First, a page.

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What is agnosticism?

What is agnosticism? A definition

Etymology: from Greek agn˘stos (ignorant), gnosis = knowledge.

The word agnosticism was created in 1869 by Thomas Huxley, British naturalist (1825-1895) who took inspiration from the ideas of David Hume and of Emmanuel Kant. Agnosticism is a philosophy that declares absolute, divine, metaphysics, and more generally what cannot be grasp by experiment, is inaccessible to the human mind and to perception. Consequently, the existence of God cannot be proven. Agnosticism professes a complete ignorance about the profound nature, the origin and the destiny of things. It is a form of skepticism applied to metaphysics and theology.

Already present in the Ancient Greece, agnosticism developed much in the 18th and 19th centuries because of the progress of science that provided experimental results contradicting the religious dogmas and the Holy Scripture like Bible.

God being unknowable, the agnostic cannot come to a conclusion about his existence and consequently considers that it is useless to worship him or to submit to revealed morals that should have been dictated to men.

Buddhism and Jainism are agnostic religions. Protagoras, Democritus, Hume, Emmanuel Kant, William James, Herbert Spencer, Albert Einstein were agnostic.

Some reflections about agnosticism

Examples of formulations of agnosticism

These remarks of Net surfers are classified according to a progress of thought from belief to atheism.
  • "God? I don't know. Religions? Why not. I am not sure that they are right on all, but there is perhaps some truth."

  • "The question of God is present in man because it is on a par with the self-awareness. This question exceeds what is understandable and cannot obtain answer."

  • "I would like to believe but I was disappointed in God and science / skepticism have destabilized me. I have an atheistic mind, but my soul wants that the eternal life exists. I continue to hope, but without certainty and being torn by the doubt and my scientific mind."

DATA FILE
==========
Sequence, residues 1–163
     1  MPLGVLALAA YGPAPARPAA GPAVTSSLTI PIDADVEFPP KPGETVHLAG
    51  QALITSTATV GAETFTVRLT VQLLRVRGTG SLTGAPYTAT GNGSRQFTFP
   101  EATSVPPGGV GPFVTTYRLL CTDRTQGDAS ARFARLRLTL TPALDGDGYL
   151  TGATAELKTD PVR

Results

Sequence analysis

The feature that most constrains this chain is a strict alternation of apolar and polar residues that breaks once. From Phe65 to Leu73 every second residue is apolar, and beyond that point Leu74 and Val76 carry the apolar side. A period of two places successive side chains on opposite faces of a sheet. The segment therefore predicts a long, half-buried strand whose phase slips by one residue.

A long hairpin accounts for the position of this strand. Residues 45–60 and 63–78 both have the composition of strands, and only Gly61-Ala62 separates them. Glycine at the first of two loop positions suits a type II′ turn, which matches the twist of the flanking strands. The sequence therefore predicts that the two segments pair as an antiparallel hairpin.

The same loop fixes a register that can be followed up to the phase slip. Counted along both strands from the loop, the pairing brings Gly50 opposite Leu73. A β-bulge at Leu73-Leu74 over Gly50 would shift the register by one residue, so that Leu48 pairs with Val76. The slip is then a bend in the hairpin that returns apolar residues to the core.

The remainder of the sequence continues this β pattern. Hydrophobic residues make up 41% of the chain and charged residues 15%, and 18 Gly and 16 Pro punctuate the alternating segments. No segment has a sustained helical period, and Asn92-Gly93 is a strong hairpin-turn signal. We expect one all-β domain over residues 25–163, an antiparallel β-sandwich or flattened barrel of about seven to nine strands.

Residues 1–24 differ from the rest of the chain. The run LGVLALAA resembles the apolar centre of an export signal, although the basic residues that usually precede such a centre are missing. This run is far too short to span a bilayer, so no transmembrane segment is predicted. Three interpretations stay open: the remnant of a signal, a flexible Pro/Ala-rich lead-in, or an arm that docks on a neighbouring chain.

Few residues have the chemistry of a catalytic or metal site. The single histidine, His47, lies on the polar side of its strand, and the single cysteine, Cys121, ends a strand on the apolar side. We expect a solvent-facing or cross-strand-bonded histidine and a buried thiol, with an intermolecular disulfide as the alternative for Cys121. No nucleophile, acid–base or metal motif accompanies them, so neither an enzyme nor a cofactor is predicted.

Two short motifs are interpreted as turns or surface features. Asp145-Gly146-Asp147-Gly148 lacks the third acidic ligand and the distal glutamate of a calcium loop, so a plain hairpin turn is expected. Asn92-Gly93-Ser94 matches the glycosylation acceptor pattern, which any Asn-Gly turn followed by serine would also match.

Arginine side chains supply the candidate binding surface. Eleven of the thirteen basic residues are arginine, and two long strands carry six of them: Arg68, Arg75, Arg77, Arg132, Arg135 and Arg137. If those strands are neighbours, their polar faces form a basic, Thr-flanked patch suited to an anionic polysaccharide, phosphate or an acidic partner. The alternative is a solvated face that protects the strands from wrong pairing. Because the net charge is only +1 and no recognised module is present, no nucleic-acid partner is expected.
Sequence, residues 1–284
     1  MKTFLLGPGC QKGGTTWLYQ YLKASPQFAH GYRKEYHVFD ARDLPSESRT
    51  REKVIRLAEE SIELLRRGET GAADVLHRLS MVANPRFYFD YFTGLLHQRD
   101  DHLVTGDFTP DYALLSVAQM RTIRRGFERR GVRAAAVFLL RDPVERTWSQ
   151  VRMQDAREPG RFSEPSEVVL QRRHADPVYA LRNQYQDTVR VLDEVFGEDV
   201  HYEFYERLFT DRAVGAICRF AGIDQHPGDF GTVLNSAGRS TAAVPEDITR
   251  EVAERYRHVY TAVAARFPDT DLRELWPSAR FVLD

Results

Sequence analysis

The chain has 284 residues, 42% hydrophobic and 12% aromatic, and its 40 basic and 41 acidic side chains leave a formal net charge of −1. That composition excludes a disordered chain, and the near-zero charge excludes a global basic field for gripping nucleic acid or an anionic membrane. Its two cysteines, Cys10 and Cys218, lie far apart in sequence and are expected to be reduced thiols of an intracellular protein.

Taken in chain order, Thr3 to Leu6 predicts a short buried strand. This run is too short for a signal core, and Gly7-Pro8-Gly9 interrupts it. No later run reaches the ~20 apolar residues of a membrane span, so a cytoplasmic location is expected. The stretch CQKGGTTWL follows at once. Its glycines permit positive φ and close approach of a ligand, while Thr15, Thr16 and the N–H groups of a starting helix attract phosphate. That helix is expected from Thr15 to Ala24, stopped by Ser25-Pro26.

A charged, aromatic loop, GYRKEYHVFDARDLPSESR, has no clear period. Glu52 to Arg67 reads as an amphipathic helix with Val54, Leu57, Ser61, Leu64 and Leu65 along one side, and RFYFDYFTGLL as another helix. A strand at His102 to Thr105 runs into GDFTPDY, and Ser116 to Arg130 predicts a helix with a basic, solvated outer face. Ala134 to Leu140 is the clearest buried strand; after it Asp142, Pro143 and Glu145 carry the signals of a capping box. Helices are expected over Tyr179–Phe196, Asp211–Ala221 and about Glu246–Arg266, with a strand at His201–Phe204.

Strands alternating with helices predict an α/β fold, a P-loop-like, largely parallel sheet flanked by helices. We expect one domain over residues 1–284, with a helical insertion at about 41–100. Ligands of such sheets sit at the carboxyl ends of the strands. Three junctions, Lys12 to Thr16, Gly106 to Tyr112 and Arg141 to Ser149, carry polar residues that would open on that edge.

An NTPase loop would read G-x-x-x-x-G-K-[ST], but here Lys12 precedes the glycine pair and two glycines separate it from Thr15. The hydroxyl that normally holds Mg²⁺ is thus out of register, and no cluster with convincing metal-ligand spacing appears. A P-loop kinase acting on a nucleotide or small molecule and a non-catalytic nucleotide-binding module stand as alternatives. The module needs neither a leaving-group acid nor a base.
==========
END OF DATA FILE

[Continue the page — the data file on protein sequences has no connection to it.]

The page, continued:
• "Any idea about the next world, in the sense of supernatural, transcending the perception and the intellect of man, is inaccessible and will remain like that.

  • "There are things that one can know, there are others that one cannot know. I call "unknowable" the whole of the things that one cannot know. Replace "unknowable" by "God", for me, it is the same word."

  • "To look for proves of the existence of God or refutations of these proves, all that is fruitless."

  • "I am sure that I can say nothing as for a hypothetical finality of Universe or as for the hypothetical existence of any divine entity."

  • "Agnosticism is the only possible process for a healthy man: impossibility of affirming or invalidating the existence of God. The rest is only poetry."

  • "I am agnostic by humility, unbeliever by state. Faith or belief is irrationality. I acknowledge my ignorance and I stick more to the acts and to coherence than to ideologies."

  • "It seems to me rather obvious that there is no God. However I cannot prove it rationally. Therefore, I place me like an agnostic from a purely rational point of view, while being atheistic in my foundation, from a subjective point of view."

  • "I very quickly found surrealist the religious ceremonies and the masses. I have just defined me as agnostic but the more I go on and the more I think that agnosticism is a form of irresolution. Still a small effort and I will be atheistic."

  • "Sometimes even, it happens to me to doubt about my doubt and to lean towards atheism.

View from believers

Believers often consider that agnostics are in a phase of doubt, that they are looking for God without being aware of it. Believers are convinced that, in their search of Truth, agnostics will end up finding God. That can be meet of course, but in my opinion, agnosticism is rather the consequence of a questioning about one's beliefs and the result of a personal reflection.

View from media

For the right-thinking media, the term "agnostic" is often used as an euphemism to qualify, in addition to the true agnostics, all people which do not believe, unbelievers, infidels, atheists, as if one does not have to shock the readers or spectators by revealing the existence of this "venereal disease" that is called atheism.

Agnosticism, a way of wisdom?